Best of Let’s Polka 2007

No, we haven’t joined the writers’ strike; we’ve just been in hibernation for the past couple weeks. Now we’re rested and ready to squeeze into 2008 with more accordion news, reviews, and events than ever before!

But first, let’s look back at some Let’s Polka highlights from the past year:

And we have even bigger plans for 2008 — so stay tuned, keep squeezin’, and have a happy New Year!

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Cotati Accordion Festival 2007 Wrapup

Anna at La Plaza Park in CotatiCotati Accordion Festival Photos

Ah… another year, another glorious weekend spent at the Cotati Accordion Festival. We spent nearly ten hours in La Plaza Park today, listening to an incredible collection of accordion-oriented artists. Where else can you hear a klezmer band followed by a yodeling, accordion-playing cowboy? Or see hundreds of white doves released into the sky as a crowd plays “Lady of Spain”? Only in Cotati.

We finally got to see Brave Combo live and they didn’t disappoint; it only took a couple songs before they had most of the crowd in a giant conga line, weaving their way through the park. Culann’s Hounds were a big hit, too; I’m glad that word’s getting around about how good they are. We heard virtuoso accordionists across the generations, from Tony Lovello working the crowd to Alex Meixner alternating between piano and button accordion to young Coupe Mondiale participant Sammy Thomas. We also grabbed a hot-off-the-presses copy of the new Those Darn Accordions album, Squeeze Machine (review coming soon!).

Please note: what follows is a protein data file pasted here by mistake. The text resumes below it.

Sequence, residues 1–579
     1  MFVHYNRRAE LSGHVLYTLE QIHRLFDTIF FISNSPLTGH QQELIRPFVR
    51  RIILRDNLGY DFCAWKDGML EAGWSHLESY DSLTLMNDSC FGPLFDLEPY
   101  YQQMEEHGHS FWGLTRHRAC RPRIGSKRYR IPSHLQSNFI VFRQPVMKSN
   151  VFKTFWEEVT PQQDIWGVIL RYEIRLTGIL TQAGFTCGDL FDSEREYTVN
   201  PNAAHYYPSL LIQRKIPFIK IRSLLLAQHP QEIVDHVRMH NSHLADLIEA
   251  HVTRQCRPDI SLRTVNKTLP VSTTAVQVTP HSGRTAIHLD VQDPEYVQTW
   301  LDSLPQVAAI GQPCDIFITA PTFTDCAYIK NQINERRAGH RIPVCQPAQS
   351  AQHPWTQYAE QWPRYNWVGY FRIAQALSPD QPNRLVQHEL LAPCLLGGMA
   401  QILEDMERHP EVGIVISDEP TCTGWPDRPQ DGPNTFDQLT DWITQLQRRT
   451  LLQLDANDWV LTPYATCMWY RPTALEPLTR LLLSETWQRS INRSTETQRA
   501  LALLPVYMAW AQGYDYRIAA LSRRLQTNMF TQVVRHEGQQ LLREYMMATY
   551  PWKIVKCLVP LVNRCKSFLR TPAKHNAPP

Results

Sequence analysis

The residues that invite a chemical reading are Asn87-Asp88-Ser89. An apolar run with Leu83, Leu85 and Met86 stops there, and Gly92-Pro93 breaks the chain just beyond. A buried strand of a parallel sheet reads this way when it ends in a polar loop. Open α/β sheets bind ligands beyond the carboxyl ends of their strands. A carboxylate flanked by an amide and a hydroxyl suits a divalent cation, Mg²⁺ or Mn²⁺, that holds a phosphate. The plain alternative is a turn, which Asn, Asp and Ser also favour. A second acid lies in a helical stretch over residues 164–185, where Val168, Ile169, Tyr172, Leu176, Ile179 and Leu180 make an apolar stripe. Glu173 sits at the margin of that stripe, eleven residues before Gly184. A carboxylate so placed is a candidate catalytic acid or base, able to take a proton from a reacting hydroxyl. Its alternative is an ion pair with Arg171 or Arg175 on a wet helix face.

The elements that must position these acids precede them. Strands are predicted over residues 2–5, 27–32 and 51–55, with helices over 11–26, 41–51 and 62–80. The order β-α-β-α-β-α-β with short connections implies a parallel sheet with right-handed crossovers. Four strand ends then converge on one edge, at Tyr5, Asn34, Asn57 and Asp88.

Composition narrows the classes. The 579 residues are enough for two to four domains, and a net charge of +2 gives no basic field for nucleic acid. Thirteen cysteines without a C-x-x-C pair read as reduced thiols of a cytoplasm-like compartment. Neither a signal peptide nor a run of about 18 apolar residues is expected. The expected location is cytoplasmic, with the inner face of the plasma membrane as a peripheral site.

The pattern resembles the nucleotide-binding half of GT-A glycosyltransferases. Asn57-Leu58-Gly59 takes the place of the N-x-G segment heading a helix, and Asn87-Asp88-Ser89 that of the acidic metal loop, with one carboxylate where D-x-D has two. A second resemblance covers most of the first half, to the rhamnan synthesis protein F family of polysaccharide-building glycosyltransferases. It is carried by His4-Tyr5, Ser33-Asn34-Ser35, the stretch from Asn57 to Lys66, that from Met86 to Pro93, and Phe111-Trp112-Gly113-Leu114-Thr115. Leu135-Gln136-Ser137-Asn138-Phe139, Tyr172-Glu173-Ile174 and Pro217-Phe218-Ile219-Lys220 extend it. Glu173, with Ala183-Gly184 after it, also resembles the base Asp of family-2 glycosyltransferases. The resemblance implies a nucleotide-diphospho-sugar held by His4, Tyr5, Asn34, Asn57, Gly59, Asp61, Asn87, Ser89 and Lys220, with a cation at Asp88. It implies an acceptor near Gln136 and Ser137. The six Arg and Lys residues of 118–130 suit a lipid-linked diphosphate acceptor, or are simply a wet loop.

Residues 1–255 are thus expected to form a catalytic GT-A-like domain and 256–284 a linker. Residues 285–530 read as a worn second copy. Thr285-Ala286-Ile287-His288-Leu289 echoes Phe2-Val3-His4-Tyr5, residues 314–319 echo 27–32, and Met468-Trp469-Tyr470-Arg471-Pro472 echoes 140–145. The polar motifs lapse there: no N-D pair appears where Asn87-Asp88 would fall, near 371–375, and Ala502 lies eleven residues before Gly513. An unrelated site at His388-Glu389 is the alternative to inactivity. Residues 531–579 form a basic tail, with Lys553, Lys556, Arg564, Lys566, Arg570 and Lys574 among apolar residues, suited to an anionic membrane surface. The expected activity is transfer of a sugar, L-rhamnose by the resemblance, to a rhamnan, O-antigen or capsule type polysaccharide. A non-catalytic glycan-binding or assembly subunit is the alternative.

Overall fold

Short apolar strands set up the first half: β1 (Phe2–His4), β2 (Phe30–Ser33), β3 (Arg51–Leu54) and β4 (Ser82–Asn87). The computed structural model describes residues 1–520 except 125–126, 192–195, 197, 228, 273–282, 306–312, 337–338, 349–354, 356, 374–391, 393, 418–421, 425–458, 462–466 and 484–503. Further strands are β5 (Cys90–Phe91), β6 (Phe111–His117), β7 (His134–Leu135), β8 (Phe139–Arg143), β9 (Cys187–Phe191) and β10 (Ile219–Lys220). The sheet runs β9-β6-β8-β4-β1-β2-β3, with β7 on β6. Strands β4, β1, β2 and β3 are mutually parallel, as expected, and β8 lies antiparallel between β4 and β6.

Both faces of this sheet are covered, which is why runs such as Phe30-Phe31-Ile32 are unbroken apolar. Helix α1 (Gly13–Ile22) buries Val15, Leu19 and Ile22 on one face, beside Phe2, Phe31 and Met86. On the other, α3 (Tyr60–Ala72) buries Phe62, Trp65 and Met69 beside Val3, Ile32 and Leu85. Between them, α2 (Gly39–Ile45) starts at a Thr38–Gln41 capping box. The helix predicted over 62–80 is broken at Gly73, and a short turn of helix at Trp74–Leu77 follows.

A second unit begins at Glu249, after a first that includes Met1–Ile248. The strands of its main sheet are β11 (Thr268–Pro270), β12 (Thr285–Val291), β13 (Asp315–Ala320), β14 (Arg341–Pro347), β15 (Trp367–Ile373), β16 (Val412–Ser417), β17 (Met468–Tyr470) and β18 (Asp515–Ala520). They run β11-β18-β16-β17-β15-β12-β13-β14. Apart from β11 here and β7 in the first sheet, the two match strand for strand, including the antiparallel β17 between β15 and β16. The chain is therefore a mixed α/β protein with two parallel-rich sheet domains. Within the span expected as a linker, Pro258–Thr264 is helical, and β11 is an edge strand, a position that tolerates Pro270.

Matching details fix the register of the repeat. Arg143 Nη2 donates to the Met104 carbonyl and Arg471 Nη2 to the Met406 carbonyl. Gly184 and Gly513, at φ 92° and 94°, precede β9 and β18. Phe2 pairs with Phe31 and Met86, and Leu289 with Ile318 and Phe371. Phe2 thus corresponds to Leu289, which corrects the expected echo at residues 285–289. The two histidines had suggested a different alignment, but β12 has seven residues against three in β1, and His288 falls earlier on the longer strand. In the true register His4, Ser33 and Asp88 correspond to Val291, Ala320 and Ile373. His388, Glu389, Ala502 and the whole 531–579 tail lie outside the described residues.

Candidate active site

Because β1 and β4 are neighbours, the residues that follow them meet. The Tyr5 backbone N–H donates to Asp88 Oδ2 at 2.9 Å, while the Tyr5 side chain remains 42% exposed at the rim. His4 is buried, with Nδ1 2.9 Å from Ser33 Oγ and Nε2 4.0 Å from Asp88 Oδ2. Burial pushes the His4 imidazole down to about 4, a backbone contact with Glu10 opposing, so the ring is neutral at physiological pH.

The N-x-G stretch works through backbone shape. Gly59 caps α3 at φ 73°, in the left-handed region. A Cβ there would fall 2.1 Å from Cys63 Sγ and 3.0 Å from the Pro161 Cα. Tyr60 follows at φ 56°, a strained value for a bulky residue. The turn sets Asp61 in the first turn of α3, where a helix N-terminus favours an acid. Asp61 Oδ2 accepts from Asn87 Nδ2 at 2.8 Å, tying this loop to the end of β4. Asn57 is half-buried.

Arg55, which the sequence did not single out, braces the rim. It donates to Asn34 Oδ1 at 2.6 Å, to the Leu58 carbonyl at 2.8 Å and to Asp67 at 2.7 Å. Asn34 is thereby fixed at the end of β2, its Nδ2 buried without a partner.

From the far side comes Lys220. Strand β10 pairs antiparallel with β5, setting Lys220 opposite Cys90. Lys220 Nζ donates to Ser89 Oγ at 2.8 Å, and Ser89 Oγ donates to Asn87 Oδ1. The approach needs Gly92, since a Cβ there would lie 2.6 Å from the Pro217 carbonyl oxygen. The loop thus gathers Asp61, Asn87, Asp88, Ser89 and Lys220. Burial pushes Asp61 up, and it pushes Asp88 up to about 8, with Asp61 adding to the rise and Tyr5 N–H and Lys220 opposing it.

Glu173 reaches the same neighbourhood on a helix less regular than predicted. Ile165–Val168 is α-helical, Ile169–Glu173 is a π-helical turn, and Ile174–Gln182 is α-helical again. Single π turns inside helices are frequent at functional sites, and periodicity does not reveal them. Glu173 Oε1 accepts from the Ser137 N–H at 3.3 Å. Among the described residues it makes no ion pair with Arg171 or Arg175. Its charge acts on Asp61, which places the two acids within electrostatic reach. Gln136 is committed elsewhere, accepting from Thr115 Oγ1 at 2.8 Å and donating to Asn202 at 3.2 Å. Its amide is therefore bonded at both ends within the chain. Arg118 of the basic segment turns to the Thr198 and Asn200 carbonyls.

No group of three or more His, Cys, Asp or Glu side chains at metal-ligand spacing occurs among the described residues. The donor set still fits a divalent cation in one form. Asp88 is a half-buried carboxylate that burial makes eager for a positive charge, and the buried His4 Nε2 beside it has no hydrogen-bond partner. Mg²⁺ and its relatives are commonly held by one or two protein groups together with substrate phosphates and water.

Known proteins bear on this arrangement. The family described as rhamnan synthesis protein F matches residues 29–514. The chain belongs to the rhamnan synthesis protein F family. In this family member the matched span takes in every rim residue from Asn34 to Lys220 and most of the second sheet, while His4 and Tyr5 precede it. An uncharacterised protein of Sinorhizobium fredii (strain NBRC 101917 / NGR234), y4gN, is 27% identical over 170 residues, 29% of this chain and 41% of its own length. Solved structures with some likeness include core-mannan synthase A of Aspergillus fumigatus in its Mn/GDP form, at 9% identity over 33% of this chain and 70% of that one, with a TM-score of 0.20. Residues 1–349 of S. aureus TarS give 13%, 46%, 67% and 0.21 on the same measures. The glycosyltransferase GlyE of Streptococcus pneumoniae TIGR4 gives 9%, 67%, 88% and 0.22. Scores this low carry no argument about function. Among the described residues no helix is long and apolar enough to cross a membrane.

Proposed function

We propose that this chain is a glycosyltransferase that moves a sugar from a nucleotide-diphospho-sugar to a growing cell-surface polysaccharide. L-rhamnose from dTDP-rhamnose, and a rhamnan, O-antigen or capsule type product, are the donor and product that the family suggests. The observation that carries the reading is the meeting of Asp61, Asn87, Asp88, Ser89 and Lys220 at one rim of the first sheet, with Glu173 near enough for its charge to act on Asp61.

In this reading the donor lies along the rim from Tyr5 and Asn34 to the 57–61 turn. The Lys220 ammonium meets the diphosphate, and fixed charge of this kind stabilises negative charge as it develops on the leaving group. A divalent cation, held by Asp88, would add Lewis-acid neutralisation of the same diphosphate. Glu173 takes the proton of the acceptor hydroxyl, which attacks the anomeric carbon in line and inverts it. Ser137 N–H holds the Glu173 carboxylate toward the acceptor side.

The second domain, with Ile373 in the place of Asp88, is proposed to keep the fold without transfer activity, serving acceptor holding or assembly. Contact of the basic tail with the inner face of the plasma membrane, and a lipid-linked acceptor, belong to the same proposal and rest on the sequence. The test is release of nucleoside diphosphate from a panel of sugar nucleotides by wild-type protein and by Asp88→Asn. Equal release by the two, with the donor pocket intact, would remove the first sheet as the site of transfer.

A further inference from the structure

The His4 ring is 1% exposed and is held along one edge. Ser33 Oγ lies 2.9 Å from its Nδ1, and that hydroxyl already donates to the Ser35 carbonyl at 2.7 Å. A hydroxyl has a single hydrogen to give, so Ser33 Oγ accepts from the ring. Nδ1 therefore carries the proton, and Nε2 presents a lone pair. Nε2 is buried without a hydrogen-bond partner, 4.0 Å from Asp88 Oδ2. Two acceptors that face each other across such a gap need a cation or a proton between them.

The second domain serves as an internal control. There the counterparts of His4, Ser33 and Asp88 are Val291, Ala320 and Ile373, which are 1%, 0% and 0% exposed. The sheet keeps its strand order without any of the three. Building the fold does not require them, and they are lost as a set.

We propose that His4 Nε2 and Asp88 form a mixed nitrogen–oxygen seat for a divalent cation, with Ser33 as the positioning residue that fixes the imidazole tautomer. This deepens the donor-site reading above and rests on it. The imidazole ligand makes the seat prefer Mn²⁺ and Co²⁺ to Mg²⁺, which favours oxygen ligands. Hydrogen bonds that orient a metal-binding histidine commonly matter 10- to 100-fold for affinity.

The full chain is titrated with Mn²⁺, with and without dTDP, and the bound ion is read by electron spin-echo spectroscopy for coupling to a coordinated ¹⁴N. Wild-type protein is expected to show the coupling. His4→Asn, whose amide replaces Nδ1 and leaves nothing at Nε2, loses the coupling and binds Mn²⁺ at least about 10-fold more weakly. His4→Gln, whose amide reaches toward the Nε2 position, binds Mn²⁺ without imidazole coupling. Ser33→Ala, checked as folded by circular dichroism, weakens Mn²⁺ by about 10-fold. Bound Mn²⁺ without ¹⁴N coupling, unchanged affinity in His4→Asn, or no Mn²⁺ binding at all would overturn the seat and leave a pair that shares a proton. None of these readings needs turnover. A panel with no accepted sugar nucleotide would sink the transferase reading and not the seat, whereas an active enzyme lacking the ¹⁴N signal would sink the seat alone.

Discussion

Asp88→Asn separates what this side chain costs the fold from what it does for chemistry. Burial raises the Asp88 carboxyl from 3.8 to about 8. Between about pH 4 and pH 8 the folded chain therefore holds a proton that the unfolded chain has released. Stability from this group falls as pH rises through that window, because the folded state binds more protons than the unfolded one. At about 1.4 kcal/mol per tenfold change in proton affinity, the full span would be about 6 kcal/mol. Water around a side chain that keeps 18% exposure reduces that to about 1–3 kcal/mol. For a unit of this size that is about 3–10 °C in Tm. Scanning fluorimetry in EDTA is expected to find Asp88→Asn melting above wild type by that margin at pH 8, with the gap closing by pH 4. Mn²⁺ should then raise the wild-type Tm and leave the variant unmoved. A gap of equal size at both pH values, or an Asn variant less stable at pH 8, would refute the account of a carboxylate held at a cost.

And while Anna didn’t win the raffle this year, we still had a fantastic time. We were completely blown away by the number of people who came up to us and mentioned the site. Thanks for all your support and hopefully we’ll be reporting on Cotati Accordion Festivals for years to come.

Monsters of Accordion Wrapup

Monsters of Accordion togetherMonsters of Accordion photos

It isn’t every day you get to see five of North America’s hottest singer/songwriter/accordionists in one place, but we were lucky enough to do so last night at 12 Galaxies in San Francisco as the Monsters of Accordion tour rolled into town. The crowd was incredible — my amateur guesstimating skills say around 300 people — including a handful of Let’s Polka readers who came up and introduced themselves throughout the night (thanks for coming!).

The show kicked off with Geoff Berner whose “Canadian klezmer drinking songs” had the crowd singing along from the start. In between songs, he told stories of his great-grandfather’s move to Saskatchewan, incompetent French generals of the 1930s, and everything in-between. By contrast, Duckmandu (Aaron Seeman) was all-business, storming through punk covers, country songs, and originals from his new album, Shut the Duck Up and Play Accordion. He closed with his always-popular “flaming hat” rendition of “Highway to Hell.”